Do I need a trademark?

Are you a business owner who is considering filling for a trademark?  Here are several things you need to know: 

Even without realizing it, you, as a consumer, deal with trademarks on a day to day basis.  A trademark is a brand name, and includes any word, name, symbol, device, or any combination, used or intended to be used to identify and distinguish the goods or services of one company from those of others.   

The purchasing decisions of consumers are influenced by the trademark and reputation of the brands they identify.  Trademarks serve as an effective communication tool to the consumer, as they can convey attributes about your company and the company’s products or services.  Your business’ trademark may not necessarily be a word or phrase, but a design.  Consider the Ralph Lauren Polo Horse, or the Nike Swoosh, both recognizable and identifiable in almost any language.   

Trademarks can help to distinguish your business from your competitors and are an efficient way to capture the attention of consumers to help your business stand out from the crowd. In today’s world, trademarks can allow a business to effectively utilize social media and the internet.   

Trademarks themselves can be a valuable asset and may greatly appreciate in value over the life of your business.  Like other assets, trademarks can be sold, licensed, or used as a security interest to grow your business.   

If you manage your trademark correctly, they never expire, so long as you are using the mark in commerce.  Many recognizable brands have been around for decades or longer in the United States.   

Branding is key

Branding is critical to any business owner.  We recommend doing your due diligence before launching you brand, and a key part of that making sure your brand is available and will not infringe on anyone’s rights.  Failing to conduct the proper research can lead to a denial of the trademark protection you are seeking, or a potential lawsuit from another brand due to infringement.  Spending the time and money up front to determine brand availability and to help you protect your business in the long run can help avoid the potential high costs of a trademark dispute and litigation.  Though federal registration of a trademark is not mandatory, it can have great advantages to your business; notice to the public of the ownership of the mark, legal presumption of ownership nationwide, and exclusive right to use the mark on or in connection with the goods or  services listed in the registration.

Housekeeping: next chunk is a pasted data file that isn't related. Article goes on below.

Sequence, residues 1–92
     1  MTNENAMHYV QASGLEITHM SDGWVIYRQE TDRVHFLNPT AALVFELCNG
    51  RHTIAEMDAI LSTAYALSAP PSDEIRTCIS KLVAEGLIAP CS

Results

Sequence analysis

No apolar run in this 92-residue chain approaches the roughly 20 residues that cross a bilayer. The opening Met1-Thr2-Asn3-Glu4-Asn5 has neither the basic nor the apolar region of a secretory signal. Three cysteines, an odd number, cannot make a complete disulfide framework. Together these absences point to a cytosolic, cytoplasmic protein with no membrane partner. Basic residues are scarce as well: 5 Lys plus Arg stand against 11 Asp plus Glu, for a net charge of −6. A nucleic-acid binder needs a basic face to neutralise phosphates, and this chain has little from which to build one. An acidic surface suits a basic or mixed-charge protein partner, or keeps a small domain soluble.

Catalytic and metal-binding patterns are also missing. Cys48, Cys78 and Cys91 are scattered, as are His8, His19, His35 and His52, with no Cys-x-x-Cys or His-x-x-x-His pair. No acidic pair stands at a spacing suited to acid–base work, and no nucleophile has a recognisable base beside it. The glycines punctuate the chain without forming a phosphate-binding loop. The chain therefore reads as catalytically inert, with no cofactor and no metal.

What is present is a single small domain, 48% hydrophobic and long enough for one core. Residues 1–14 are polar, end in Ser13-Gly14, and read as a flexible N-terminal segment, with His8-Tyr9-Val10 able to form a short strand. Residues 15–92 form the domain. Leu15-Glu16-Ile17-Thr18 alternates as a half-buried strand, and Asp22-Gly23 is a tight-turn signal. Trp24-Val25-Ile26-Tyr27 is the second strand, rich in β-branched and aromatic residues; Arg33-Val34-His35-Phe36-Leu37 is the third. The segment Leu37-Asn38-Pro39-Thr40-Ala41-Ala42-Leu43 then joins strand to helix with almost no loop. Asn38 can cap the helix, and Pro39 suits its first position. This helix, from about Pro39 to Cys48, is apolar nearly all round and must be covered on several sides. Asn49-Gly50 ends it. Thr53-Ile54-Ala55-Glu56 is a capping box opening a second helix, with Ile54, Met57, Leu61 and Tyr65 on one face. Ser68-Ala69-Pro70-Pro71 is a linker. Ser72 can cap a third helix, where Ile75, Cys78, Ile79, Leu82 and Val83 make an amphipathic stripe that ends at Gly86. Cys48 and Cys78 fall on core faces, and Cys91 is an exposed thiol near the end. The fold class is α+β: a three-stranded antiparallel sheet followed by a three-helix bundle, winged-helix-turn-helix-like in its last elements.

If you are considering filing for a trademark, we can help guide you through the application process.   

Can I get primary custody if my child wants to live with me?

My child says he/she wants to live with me, will the Judge take that into consideration in determining which parent is awarded primary custody of our child? 

Attorneys are often asked at what age can the minor child make their own decision about which parent they want to live with, or at what age the minor child can decide whether or not they want to continue visitation with the non-custodial parent. 

The short and direct answer is, there is no definitive age at which a minor child may make that type of decision, and the minor child never gets to make the decision all on their own.  However, that does not mean that a child’s preference for where they live or how often they visit the non-custodial parent plays no part in decisions by the presiding judge.